We sometimes joke about the idea of flatulent cows contributing to global warming, but the subject is more serious than it may appear, on two counts. Agriculture is the world’s second largest producer of CO2 emissions, only just behind transport, and the principal source of non-CO2 greenhouse gas emissions: 50% of all methane emissions and 60% of all nitrous oxide emissions.
There are several reasons for this. The first is deforestation. Most deforestation occurs when land is cleared and converted to agricultural use. Deforestation contributes massively to the release of greenhouse gases into the atmosphere. The second is the spread of rice plantations. Rice farming is responsible for significant emissions of methane, a greenhouse gas 21 times more potent than CO2. The third reason relates to the use of fertilizers, the principal source of emissions of nitrous oxide, a greenhouse gas 310 times stronger than CO2.
Farming could also provide part of the solution in our fight against global warming. Some methods of farming—often inspired by age-old techniques—are more effective in protecting biodiversity and storing CO2. Conservation agriculture, as it is known, does not as a rule require complex technology: rather it involves better use of traditional materials such as compost and pig manure, as well as techniques such as hedge-planting. It is also tillage-free agriculture, which prevents soil erosion, absorbs more carbon dioxide thanks to year-round vegetation cover and reduces the need for nitrate fertilizers, so preventing the release of nitrous oxide into the atmosphere.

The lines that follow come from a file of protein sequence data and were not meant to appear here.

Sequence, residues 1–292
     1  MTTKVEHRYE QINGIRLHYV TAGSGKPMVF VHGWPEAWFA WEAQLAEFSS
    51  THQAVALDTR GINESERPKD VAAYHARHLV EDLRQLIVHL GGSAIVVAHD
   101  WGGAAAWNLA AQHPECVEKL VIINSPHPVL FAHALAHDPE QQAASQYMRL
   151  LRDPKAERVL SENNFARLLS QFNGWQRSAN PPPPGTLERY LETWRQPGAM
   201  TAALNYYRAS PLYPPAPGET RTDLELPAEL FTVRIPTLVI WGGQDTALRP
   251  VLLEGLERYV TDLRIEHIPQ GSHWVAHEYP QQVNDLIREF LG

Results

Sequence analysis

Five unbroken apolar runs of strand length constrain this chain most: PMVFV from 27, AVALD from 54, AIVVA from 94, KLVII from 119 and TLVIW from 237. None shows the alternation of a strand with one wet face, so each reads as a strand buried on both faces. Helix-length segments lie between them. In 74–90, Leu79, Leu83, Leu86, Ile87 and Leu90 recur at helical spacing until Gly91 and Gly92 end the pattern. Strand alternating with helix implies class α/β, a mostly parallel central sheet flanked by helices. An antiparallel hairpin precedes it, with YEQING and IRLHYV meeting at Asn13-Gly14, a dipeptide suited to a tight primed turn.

By adapting our farming methods we could reduce our production of CO2 equivalents by several billion tons annually, mainly in developing countries. If a global market for greenhouse gas emissions could be developed, with a price for each non-emitted ton of gas, this could provide a significant source of income for farmers in developing countries: the fight against global warming could thus also become a means of fighting poverty.